Applebaum gets 'emeritus' role in PRH US comms
Penguin Random House has ma...
Igloo launches its distribution business
Igloo Books has launched a ...
Competition launched for Scottish school libraries
Edinburgh book festival spo...
US publishers got 2.8% pay rise last year
People working in publishin...
New culture minister for France
Fleur Pellerin has taken ov...
Children still prefer reading physical books, finds Scholastic
16.01.13 | Charlotte Williams
The number of children who have read an e-book has almost doubled since 2010 but children still prefer reading books for fun in print, according to Scholastic Inc's Kids and Family Reading Report, 4th Edition.
The publisher surveyed a nationally representative sample of 1,074 US children aged six to 17, and their parents, to compile the research on children's reading habits.
Forty-six per cent of children responding to the survey said they had read an e-book, up from 25% in 2010. Meanwhile, 41% of the parents had read an e-book, a big leap up from 14% in 2010. Fifty-one per cent of children who have not read an e-book are interested in doing so.
However more than half (58%) of respondents aged 9-17 said they will always want to read books printed on paper even if there are e-books available, though this was a slight decrease from 66% in 2010. Eighty per cent of children still read mostly print books.
Among the children who have read an e-book, 21% said they are reading more books for fun, with 26% of boys agreeing with the statement. Only 9% overall read fewer books for fun.
Children and parents identified convenience as the most popular benefit to reading e-books, with 57% of children and 50% of parents choosing this reason. Having a read-aloud option was only chosen by 31% of children, and was therefore their least popular benefit, and 22% of parents. Meanwhile, 72% of children cited a dictionary as the most important attribute of an e-book, with 70% choosing note-taking, highlighting and commenting features and 67% choosing built-in activities to make a child a better reader and/or build vocabulary.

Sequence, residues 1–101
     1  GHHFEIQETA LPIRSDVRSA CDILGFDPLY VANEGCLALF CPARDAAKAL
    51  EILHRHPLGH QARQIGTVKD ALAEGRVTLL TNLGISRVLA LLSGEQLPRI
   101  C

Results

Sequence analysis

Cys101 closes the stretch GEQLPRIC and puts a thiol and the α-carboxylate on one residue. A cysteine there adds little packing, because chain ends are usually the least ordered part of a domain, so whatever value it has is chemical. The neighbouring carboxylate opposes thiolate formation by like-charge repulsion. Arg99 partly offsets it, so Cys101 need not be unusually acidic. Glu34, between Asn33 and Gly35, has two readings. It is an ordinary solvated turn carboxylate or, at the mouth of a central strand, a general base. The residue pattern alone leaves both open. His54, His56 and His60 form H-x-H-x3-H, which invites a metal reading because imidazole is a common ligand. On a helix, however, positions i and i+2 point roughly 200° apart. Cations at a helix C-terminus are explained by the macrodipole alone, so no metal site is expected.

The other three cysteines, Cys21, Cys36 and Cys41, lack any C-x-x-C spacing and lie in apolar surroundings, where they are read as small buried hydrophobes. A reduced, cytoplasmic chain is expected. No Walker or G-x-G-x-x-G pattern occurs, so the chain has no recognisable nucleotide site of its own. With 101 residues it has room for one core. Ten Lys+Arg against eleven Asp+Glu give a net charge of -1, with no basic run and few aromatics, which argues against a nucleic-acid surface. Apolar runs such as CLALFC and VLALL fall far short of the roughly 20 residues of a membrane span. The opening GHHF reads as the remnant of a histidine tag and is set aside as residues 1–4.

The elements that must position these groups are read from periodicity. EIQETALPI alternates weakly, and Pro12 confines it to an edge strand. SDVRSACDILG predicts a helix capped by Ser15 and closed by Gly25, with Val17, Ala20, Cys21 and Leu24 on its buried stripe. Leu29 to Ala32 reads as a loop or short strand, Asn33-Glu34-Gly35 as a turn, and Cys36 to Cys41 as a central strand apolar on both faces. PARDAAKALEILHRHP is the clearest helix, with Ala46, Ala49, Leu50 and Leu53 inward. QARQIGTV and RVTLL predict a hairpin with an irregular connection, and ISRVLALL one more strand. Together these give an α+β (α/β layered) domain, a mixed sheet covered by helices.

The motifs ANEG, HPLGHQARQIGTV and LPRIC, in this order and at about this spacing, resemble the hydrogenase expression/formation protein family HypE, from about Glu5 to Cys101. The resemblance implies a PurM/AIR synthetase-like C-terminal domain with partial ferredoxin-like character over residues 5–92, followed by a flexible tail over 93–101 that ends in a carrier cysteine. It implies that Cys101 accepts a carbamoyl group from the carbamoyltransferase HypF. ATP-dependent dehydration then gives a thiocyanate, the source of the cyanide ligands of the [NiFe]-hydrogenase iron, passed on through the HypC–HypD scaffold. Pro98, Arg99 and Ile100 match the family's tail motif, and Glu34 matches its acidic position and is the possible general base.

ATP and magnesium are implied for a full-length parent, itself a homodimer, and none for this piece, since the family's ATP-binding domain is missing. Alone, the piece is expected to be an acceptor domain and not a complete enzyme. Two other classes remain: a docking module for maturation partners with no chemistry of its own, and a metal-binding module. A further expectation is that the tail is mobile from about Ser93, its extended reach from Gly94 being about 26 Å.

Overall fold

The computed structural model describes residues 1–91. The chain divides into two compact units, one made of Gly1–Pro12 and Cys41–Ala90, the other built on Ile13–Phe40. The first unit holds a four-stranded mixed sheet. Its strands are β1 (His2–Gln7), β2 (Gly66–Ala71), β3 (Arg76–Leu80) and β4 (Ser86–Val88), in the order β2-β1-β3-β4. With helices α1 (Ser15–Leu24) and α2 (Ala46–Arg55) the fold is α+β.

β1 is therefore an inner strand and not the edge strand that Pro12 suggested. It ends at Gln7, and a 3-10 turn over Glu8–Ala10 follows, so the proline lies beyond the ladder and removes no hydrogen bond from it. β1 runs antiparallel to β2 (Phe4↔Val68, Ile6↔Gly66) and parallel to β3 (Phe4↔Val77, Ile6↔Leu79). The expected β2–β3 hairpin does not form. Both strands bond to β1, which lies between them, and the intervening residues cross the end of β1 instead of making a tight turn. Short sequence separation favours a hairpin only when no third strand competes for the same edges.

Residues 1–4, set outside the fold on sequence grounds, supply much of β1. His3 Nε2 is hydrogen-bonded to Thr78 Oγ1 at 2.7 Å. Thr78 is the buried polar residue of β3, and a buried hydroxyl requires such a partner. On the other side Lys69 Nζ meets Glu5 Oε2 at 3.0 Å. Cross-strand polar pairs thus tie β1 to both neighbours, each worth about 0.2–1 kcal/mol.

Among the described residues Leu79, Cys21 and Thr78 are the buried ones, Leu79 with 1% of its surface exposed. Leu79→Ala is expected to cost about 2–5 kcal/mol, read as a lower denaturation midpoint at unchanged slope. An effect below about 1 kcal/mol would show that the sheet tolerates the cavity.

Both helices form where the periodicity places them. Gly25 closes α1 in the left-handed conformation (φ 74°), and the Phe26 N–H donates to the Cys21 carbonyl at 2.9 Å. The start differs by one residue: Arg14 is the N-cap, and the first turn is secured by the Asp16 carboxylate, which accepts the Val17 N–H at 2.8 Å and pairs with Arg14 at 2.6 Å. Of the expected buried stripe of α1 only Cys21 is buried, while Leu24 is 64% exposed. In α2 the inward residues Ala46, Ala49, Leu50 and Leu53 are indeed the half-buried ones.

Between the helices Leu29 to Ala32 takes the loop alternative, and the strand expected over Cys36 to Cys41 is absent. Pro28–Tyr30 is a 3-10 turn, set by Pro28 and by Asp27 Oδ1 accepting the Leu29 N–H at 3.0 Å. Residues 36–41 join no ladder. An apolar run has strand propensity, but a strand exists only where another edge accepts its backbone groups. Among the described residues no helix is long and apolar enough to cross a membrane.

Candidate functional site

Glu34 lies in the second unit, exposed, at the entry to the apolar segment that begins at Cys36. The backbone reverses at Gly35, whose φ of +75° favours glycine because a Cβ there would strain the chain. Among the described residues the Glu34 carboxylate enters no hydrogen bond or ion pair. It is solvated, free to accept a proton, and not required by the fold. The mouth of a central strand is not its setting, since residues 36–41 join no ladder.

Children prefer e-books when they don't want their friends to know what they are reading, and when they are travelling, the survey found, but value print books more when they are reading at bedtime and when they want to share a book with friends.
In terms of children's attitudes to reading, 34% read books for fun 5-7 days a week, down from 37% in 2010, with watching DVDs, TV or video the most popular activity, done five to seven times a week by 67% of children, down marginally on 68% in 2010.
Nearly half, 49%, of parents think their child does not spend enough time reading for fun, according to Scholastic.
Boys aged 6-8 are most likely to read for fun 5-7 days a week, with 48% doing so, going down to 37% of boys aged 9-11, 28% aged 12-14 and 18% aged 15-17. However, while girls aged 6-8 are also most likely to read for fun 5-7 days a week, with 47% doing so, and that drops to 40% of girls aged 9-11, and falls again for girls aged 12-14 to 28%, it rises again for the 15-17 age bracket, to 30%.
Ninety-two percent of children said they are more likely to finish a book they choose themselves.
Meanwhile, digital reading is also meaning that adults are becoming more likely to read a children's or YA book, with 32% of parents who have read an e-book say they now read new kinds of books, including 22% saying they read more children's books, and a separate 22% saying they read more teen fiction.